SoftBank founder Masayoshi Son speaks in futuristic terms about his company, but the success of his late-stage VC fund is still unknown.Technologyread more
Trump's threat, posted on Twitter, comes amid rising international tensions in the Middle East as the U.S. has dispatched a carrier strike group and bomber task force to the...Politicsread more
Reports of Tesla vehicles spontaneously catching fire could make customers wary of EVs just as the industry ramps up production plans.Autosread more
Amazon's large and flashy investments stand out from those of its tech peers over the past year.Technologyread more
Huawei Technologies will immediately lose access to updates to the Android operating system, a source close the matter told Reuters.Technologyread more
Robert Smith announced that he and his family would set up a grant to pay off the nearly 400 graduating seniors' student loans. The total gift is estimated at $40 million.Educationread more
Trump's relationships with Deutsche Bank have drawn scrutiny in Congress and elsewhere. Trump sued the bank last month to prevent it from complying with Congressional...Financeread more
Consumer IPOs from Snap to Uber have been disappointing and serve as a reminder that private investors are making all the money.Technologyread more
China's currency has been an important barometer for progress in U.S.-Chinese trade talks, and right now it's signaling things aren't going well.Market Insiderread more
The outrage has even inspired a Change.org petition called "Remake Game of Thrones Season 8 with competent writers," with over half-a-million signatories and climbing.Entertainmentread more
The move comes after star runner Alysia Montaño's May 12 op-ed in the New York Times in which she detailed her experiences with Nike.Retailread more
Coca-Cola isn't new to coffee, but the global beverage giant is planning on making a big push into the industry this year.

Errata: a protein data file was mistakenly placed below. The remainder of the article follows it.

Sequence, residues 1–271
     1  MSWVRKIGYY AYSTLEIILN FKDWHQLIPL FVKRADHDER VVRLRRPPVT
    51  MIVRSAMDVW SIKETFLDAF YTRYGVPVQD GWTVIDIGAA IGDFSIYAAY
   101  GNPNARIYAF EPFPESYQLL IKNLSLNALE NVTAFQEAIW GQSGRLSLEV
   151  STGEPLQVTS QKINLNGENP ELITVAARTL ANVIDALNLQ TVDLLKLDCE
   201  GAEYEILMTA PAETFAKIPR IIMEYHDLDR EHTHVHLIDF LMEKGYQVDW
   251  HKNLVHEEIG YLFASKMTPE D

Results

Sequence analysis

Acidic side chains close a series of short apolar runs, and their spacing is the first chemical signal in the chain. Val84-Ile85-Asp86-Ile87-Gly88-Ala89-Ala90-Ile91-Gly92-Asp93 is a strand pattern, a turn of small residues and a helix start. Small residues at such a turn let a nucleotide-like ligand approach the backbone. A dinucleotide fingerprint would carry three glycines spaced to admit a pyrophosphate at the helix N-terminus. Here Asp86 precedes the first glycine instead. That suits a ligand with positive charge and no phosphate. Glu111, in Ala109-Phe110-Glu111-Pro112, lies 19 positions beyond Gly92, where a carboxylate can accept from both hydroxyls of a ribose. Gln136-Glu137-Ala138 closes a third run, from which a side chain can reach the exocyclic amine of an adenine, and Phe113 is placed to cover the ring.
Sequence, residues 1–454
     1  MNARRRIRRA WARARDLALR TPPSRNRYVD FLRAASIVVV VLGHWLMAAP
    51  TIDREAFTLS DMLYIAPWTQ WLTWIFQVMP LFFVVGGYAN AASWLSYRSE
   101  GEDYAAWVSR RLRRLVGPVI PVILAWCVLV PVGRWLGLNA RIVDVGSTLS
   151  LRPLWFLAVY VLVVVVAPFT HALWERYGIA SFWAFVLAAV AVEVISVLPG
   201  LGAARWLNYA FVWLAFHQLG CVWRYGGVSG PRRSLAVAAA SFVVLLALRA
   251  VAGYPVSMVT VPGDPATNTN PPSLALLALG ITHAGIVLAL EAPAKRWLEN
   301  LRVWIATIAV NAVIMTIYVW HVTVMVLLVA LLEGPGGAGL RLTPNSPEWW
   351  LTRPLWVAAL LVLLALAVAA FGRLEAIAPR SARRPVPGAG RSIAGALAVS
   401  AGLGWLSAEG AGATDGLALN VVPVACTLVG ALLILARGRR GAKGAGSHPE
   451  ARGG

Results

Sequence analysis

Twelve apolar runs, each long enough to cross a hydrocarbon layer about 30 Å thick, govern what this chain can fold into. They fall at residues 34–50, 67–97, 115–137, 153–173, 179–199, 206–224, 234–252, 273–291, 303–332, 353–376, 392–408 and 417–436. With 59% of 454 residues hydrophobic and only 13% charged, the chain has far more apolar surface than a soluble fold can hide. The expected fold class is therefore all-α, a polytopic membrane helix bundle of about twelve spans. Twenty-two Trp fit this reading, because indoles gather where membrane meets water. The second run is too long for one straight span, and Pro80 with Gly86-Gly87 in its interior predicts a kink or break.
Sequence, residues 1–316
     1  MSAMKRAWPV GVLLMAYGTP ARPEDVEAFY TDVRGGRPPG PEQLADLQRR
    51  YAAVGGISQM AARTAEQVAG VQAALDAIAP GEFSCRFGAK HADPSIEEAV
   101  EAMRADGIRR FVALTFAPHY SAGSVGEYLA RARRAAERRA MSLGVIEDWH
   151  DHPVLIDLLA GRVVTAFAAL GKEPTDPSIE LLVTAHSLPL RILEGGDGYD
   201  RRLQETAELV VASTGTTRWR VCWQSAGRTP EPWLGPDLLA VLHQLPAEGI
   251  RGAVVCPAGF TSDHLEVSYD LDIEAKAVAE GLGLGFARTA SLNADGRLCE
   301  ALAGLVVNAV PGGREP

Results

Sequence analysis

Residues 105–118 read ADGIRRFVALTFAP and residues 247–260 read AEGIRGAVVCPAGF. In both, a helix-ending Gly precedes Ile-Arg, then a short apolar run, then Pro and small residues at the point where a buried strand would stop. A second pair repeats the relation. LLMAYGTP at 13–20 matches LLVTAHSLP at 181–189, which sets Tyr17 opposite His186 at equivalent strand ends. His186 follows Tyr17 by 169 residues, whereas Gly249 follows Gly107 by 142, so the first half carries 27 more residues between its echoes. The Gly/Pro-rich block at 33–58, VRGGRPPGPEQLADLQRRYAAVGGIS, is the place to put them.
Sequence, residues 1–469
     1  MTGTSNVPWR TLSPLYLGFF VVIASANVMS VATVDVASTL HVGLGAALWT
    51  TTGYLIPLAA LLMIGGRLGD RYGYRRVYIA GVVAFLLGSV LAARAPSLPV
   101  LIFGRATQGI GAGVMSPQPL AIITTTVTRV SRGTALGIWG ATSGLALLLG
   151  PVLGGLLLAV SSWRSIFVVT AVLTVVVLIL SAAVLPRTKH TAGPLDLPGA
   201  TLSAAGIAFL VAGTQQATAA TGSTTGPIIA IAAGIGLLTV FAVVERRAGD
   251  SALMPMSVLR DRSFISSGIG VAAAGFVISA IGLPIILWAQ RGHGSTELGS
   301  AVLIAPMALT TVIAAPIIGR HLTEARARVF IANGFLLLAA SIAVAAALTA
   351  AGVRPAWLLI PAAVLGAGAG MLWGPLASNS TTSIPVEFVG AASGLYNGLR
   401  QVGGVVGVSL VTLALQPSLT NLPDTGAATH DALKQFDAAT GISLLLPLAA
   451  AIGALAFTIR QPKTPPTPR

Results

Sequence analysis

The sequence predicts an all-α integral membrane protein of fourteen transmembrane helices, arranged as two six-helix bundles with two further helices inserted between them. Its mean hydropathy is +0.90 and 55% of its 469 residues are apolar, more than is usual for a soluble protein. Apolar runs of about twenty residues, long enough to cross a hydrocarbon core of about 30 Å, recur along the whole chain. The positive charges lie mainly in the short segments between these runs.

The company is releasing Coca-Cola Coffee in more than 25 markets around the world by the end of 2019.
"Coke Coffee was designed to reach consumers during specific occasions and channels like the mid-afternoon energy slump at work," CEO James Quincey told analysts Tuesday.
The drink, which blends Coke with coffee, has slightly less caffeine than a normal cup of coffee but more than a can of the soda.
The move comes as consumers have shifted from drinking soda to choosing less sugary options, like bottled water and Coca-Cola Zero Sugar. Coca-Cola Coffee contains less sugar than a Coke of the same size.
The drink also allows the company to capitalize on a trend that is working: coffee. Ready-to-drink coffee is the fastest growing segment in the coffee category, growing 31% in 2016 and 2017, according to Mintel. Chilled coffee drinks such as cold brew are also growing in popularity with consumers. From 2013 to 2017, cold coffee grew at least 10% annually in the U.S., Mintel research found. The trend is less appreciated by European consumers, who tend to experiment less.
So far, Coke's coffee business has largely been focused in Japan, where canned coffee has been popular in vending machines for decades. The Atlanta-based company's Georgia Coffee brand has surpassed $1 billion in sales and expanded to other Asian countries.
Coke first tried to introduce coffee to its namesake brand back in 2006. The company discontinued the short-lived Coca-Cola Blak two years later.
In 2017, Coke took another whack at it, introducing Coca-Cola Plus Coffee in Australia. The following year, the company brought it to Asia for more tests after retooling the formula to heighten the coffee aroma.
"The early results are very promising, delivering incremental growth for the Coca-Cola brand with very little cannibalization," Quincey told analysts in July.
The company also plans to start selling ready-to-drink Costa coffee products in European markets during the second quarter. Coke purchased the British coffee chain for $5.1 billion including debt and closed the deal in January.
"We're in early days of working out exactly how we're going to bring to life the synergy plans for greater revenue growth and profit growth," Quincey said on CNBC's "Squawk on the Street. "
Coke's stock rose 2% in morning trading Tuesday after the company reported earnings and revenue that beat Wall Street's estimates. The beverage giant earned 48 cents per share from continuing operations, beating the 46 cents per share expected by analysts surveyed by Refinitiv. Revenue rose 5% to $8.02 billion, topping expectations of $7.88 billion.